Opting for Flexibility in Work
Wake up at 6am. Drive to the office. Sit in traffic. Sit in a cubicle. Try to be productive for eight hours. Go home exhausted. Repeat. Nope, not for me!
For myself, I started a small project management SaaS company that I run from my home office. I have to be on-call at all times, but it gives me a lot of flexibility. I can be involved in homeschooling my kids. I can go grocery shopping on Monday afternoon when the store is pretty empty. I can go shooting with friends on Friday morning. I can attend daily Mass during the week. We can visit family across the country whenever we want, for as long as we want.
I've always been intentional about what kind of work/life balance I want. I hate the idea of a typical 9 to 5 office job. It's soul-crushingly boring. Even if the job is in an otherwise interesting field, being forced to work between certain hours feels like slavery. It would be different for physical labor, but for creative professions—like mine, software engineering—it's bad. I can't be creative and clever from 9 to 5 just because the clock says I should be. The industrial factory model doesn't work well for me.
Creativity comes and goes, and depends a lot on my mood. Generally speaking, I have to want to be doing a task in order to do it creatively. If I'm worried or stressed about something, it's better if I go take care of that first, then sit down to work. Sometimes that means not doing much work for a day, or several. It’s not about being lazy; it's about not wasting my time when I know I'm not able to be productive at my current task. If I'm not making progress on X, I go do Y so that I can at least get something done.
Another factor is family time. Once you're providing for your family, work has pretty steep diminishing returns. What's the point of storing up Earthly treasure, really? Wouldn't you rather build stronger relationships with your family and community? Grow deeper in your faith? Learn a musical instrument? Spend time in contemplation?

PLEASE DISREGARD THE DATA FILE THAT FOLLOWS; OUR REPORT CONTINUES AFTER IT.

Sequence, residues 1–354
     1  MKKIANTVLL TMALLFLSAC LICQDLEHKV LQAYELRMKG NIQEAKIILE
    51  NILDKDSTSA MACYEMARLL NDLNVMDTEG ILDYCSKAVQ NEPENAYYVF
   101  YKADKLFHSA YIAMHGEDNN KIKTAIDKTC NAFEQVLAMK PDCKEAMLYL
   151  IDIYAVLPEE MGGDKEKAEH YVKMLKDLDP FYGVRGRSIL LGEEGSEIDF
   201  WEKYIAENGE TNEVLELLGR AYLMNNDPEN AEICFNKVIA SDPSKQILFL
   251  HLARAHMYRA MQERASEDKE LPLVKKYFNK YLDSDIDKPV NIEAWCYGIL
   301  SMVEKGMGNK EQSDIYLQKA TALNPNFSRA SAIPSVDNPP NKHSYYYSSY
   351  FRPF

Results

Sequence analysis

So how can you achieve this kind of flexibility? You might find a remote, flexible job that gives you most of this, and I hope they continue becoming more common after we're done with COVID. But generally, you have to be self-employed. It's harder than people think. You typically spend several years with less income, no good insurance option, no job security, and it takes all of your mental energy. Once you find a niche and get established, then things get better. You roll the dice and trust in your own ability. You'll fail at first and have to be okay with that. I'll write more on how exactly to do this in the future.
This path is not for everyone, and there's no judgement attached to that. Typical office jobs offer a lot of benefits: security, consistency, health insurance, leaving work at work... Sometimes it's best to put work on autopilot and not take risks with it. If your strengths lie in other areas, then play to those instead.
For me, the effort it took to become successfully self-employed was absolutely worth it, because it enables us to live the kind of life that we think is best: traditional, unconventional, and family-oriented.